An Early Mother's Day Gift
A Minute to Myself (181)

Parent-Teacher Conference

I was in the middle of writing this humorous slash ranting post about a parent-teacher-teacher-student-assistant principal conference I had the other day when I thought, hmm, the mother is a lawyer, the mother is irate, maybe it wouldn’t be a good idea to post this. Even though there is no way anyone could figure out who I am talking about, why tempt any issues. And so I switched gears; rather than write about what this particular student does to annoy her teachers who she does not like, or talk about how insulting the mother was to my colleague and me, I’ll skip right to the point that I think I was going to lead into.

Why do parents think that their attitude-rich, participation-free kids are any different in school than at home? Why do they think that their every interpretation of events in school is exact when they know that there have been evasions, half-truths, and even outright lies coming their way from said prodigy? Why do they think that we have to make their kids meet their expectations? And why do they belittle us when they expect so much from us?

Which reminds me of an incident I had this week with another student. He was mad that I apparently threw out his homework in my effort to derail his attempt to get his grade up. Yes, it seems that I did that to give him an undeserved zero because,it is clear, I do not like him. On day two of his contest of wills with me he looked through the folder where work goes if a student is absent on the day the materials are returned. Lo and behold, there it was. But with one little problem: there was no name on the paper. That must be my fault.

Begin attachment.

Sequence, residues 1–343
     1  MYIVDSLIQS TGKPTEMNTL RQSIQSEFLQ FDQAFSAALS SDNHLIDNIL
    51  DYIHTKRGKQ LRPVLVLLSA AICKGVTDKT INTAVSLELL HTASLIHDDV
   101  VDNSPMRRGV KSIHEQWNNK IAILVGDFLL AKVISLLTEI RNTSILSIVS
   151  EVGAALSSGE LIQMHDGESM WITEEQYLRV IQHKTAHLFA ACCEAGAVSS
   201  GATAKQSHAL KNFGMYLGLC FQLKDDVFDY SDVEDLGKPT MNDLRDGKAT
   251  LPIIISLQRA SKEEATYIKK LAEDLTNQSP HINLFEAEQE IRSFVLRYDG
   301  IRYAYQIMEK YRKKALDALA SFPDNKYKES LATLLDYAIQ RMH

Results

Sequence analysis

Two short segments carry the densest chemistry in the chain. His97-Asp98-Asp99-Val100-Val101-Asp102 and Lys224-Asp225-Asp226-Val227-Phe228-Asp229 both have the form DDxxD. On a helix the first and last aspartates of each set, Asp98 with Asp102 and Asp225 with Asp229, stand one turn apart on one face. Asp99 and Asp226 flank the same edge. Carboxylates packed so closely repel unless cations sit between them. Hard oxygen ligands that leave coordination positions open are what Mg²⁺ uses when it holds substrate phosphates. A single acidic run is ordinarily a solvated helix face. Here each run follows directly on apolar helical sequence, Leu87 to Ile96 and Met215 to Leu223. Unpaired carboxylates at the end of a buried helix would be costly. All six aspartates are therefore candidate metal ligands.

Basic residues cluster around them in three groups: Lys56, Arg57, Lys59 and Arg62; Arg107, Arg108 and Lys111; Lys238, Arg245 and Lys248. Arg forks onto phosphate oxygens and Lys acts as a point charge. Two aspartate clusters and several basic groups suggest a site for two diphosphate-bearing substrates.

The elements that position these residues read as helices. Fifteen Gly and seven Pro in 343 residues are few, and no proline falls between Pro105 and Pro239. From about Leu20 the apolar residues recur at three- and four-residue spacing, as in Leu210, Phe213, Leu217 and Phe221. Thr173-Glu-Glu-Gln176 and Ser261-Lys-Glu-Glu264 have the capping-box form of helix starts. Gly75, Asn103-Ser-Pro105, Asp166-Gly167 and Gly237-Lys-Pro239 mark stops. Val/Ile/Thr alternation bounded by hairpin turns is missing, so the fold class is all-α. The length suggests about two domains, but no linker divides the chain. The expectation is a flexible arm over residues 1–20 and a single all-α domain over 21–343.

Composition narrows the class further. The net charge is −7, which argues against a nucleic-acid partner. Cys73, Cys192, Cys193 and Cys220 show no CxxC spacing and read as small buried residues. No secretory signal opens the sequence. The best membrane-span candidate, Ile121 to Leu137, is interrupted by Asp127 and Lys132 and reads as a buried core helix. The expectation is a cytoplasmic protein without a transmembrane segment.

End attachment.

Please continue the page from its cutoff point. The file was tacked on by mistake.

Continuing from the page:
Why are we always to blame if something doesn’t go right? Why is my co-teacher blamed for her daughter not doing her work? And why am I told that I “should pick on someone your own size” if she knows that her daughter gets belligerent if criticism of any kind (and I mean “any”) comes her way? How come I have to figure out how to deal with this girl when both of her parents deal with her by yelling at her and buying her clothes? 

Seriously, I’m here to teach English, with some ethics lessons mixed in, but I am not their parent and I am not a therapist. And how the heck am I supposed to figure out how to handle the personalities of 125 kids when the parents can barely figure out their one or two or three children who they have had in their homes for years? Why can’t we go back to the good ole days of respecting teachers, bending our fragile children’s personalities to the teachers’ personalities, rather than trying to break the teacher down?